March Video Channel. Encouraging active users on one of the largest Spanish-language audiovisual culture portals.
March Video Channel aimed to revitalize user engagement on a leading Spanish-language audiovisual culture platform. As the Lead UX Designer, I spearheaded an initiative focused on optimizing content discoverability and user experience through revamped information architecture and refined recommendation systems.
Lead of UX
The primary goal was to enhance user satisfaction and interaction by facilitating seamless access to culturally relevant content. Additionally, the aim was to leverage user registrations to tailor recommendations and foster active user participation.
As the Lead of UX, my responsibilities encompassed user research, ideation, and visual design, ensuring a holistic approach to addressing user needs and business objectives.
Embracing the Design-Thinking methodology, I executed a comprehensive three-phase approach:
- Understand: Conducted extensive user research to uncover behaviors, preferences, and pain points.
- Explore: Ideated and conceptualized design solutions aligned with user insights and platform goals.
- Materialize: Executed the design vision through iterative prototyping, testing, and refinement.
Empathize and Define.
Through comprehensive web data analysis, valuable insights were uncovered:
- Average user session duration on the platform was observed to be approximately 15 minutes, indicating a high level of user engagement.
- The user base primarily comprised local and national audiences, with 90% originating from within the country. Notably, 60% of users hailed from the same city, suggesting potential for expansion to new geographic markets.
- Heat maps revealed that users frequently interacted with category and “see more” links, indicating a strong interest in accessing additional video content.
I started performing a heuristic evaluation in which I was able to assess every feature of the site based on Jakob Nielsen’s and Don Norman’s UX principles.
After that, I employed direct and secondary research methods to enhance information architecture and integrate industry best practices, improving content discoverability.
I performed benchmarking, open card sorting, usability testing of the old interface, and user journey mapping, identifying their objectives, challenges, and pain points.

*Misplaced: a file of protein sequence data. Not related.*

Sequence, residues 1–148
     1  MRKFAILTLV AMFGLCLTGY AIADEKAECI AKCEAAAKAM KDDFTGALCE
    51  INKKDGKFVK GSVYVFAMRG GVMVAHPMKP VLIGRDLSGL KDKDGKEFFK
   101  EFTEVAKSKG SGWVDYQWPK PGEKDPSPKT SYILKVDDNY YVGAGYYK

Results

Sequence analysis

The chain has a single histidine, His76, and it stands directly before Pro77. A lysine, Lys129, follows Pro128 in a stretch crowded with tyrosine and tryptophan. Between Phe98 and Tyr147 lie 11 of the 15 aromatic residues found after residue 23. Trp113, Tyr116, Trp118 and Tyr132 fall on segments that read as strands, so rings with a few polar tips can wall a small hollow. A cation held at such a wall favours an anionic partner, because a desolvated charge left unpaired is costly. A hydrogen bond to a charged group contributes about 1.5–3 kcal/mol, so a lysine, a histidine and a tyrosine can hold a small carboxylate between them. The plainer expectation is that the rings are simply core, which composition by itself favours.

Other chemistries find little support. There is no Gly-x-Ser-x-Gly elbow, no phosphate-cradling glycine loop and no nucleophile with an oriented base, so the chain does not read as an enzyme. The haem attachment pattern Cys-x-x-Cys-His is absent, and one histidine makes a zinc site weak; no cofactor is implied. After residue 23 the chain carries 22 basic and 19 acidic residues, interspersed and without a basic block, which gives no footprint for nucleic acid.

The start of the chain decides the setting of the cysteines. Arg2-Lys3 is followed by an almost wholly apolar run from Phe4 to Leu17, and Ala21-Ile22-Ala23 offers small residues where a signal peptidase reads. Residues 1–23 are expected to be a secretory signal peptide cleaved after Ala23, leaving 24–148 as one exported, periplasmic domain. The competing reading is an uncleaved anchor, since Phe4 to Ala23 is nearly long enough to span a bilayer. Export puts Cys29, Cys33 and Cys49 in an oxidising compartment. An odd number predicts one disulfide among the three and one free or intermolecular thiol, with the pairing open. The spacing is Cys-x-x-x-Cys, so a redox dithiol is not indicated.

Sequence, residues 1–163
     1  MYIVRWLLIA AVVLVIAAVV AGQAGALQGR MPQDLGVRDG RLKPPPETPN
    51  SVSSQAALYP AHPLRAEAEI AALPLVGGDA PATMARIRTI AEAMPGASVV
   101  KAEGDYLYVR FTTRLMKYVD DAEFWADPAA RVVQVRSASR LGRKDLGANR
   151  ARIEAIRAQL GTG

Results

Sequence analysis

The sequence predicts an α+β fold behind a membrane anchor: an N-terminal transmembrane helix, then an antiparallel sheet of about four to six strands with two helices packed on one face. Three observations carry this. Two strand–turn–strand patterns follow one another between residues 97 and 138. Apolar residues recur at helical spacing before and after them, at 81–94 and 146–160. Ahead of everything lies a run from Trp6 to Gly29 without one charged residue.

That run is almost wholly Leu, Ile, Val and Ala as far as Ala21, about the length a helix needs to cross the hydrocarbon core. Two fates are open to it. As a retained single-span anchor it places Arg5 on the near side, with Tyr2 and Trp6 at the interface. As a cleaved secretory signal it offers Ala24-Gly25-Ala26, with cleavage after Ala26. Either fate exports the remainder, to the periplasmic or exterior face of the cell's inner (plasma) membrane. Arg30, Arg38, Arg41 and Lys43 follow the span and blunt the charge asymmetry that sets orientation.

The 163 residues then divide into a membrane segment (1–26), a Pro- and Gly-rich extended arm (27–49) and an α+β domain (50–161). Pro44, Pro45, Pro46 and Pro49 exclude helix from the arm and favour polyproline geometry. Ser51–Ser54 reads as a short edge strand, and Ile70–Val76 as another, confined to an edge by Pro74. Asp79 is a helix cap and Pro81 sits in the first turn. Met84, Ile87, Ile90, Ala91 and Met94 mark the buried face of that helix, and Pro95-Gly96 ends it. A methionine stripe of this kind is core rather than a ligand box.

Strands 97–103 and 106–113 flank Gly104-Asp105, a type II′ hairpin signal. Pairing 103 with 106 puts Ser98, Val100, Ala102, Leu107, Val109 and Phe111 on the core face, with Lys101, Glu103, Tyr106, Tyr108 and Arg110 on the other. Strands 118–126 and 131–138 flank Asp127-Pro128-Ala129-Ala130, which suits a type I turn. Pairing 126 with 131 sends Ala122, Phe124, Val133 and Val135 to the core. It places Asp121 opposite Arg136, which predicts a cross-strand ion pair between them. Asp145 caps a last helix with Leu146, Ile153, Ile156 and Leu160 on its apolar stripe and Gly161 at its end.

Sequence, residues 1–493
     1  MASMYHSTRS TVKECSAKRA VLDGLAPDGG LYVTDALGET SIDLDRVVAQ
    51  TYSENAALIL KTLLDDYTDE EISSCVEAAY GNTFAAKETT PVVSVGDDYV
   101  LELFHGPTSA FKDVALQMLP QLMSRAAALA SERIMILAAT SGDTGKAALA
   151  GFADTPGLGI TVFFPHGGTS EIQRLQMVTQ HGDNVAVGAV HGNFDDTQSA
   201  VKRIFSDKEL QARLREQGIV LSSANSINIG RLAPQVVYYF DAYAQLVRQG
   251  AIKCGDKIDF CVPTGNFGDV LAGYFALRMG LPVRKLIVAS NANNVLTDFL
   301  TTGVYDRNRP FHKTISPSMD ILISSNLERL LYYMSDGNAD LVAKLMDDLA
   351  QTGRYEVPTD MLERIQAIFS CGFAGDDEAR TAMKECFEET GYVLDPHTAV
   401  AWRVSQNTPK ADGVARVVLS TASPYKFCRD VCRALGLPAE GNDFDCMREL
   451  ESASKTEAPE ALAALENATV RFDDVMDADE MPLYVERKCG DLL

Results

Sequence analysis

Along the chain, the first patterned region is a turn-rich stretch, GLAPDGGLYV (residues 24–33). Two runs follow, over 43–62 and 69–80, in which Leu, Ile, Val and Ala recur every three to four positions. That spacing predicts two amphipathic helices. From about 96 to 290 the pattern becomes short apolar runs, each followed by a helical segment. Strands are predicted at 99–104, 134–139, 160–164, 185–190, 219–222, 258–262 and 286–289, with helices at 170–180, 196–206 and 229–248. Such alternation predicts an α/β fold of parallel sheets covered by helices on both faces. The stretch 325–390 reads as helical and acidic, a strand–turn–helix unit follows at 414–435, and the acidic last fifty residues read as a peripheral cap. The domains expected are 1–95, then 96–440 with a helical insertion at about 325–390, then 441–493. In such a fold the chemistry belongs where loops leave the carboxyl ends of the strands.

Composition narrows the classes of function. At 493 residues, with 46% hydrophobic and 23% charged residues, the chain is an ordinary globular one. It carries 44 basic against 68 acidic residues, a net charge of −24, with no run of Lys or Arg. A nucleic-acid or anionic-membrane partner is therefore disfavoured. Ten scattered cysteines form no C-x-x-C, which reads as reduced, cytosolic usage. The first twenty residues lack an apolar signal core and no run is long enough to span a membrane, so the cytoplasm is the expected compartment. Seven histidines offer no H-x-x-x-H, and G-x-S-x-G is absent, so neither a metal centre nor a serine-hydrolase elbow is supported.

Ideation and wireframing.
The open card sorting method revealed that users’ mental model categorized information into sections such as “User”, “Topics”, “My videos” and “Mood”.
The benchmarking, in which different websites of direct and indirect competitors were studied, identified different functionalities that could be applied to the product.
Heat maps revealed a strong interest in accessing additional video content, particularly in a categorized format.
This identified opportunities for improvement such as incorporating mood search, collections, tagging, and leveraging the recent creation of registered users to make personalized recommendations, allowing saving collections and favorites, and resuming a video at the exact point where it was left off.
I began making explorations using techniques such as the crazy eights, and brainstorming, and sharing ideas with colleagues and stakeholders.
Wireframes and Low-Fidelity prototypes
Once the direction for my design had been established, I began by drafting up wireframes on paper and low-fidelity prototypes to visualize design concepts and iteratively refining prototypes based on stakeholder and user feedback.
Since usability evaluations such as guerrilla testing are fast and inexpensive, I could afford several rounds.
Then, I translated design concepts into Mid-Fi prototypes, integrating features like sorting options and content filtering to enhance usability and user engagement.
I incorporated functionality to sort by Most Recent, Most Viewed or Most Rated, and the ability to filter by format, as well as integrate live broadcasts and collections, and continued testing with the people most aligned with the user-centric approach.
I also added the search by mood, a tag system, popular videos, recommended videos for you, a list by topic where you can see all the videos of a certain category, and a list with the videos recently watched by the user, using a thin progress bar that indicated the point at which a video was playing.
In the following iterations, I incorporated improvements, such as the possibility of offering other related materials to consult before and after consuming the video, and the possibility of dividing a video into chapters.
I also updated the design with more logical distributions of the content and attending to the user’s comfort, achieving improvements in efficiency as predicted by Fitts’ Law, and incorporated the changes in colors and typography that took place in the parent website.
The project yielded significant improvements, including:
- 80% increase in video views
- 25% rise in registered users
- 16% increase in live broadcast visits
- 8% boost in average viewing time per session
Stakeholders expressed high satisfaction with the site aesthetics and functionality, signaling project success.
Learnings & Next Steps.
Reflecting on the project journey, several key learnings emerged:
- User engagement hinges on intuitive navigation and personalized recommendations.
- Continuous iteration based on user feedback is crucial for sustained improvement.
- Integrating data-driven insights can drive impactful UX enhancements.
Moving forward, the following steps are proposed:
- Measure and optimize Registered User Retention Rate to ensure sustained user engagement.
- Continuously iterate on design elements to align with evolving user needs and industry trends.
- Explore opportunities for further enhancing content discoverability and user interaction.
Design: Aurelio Medina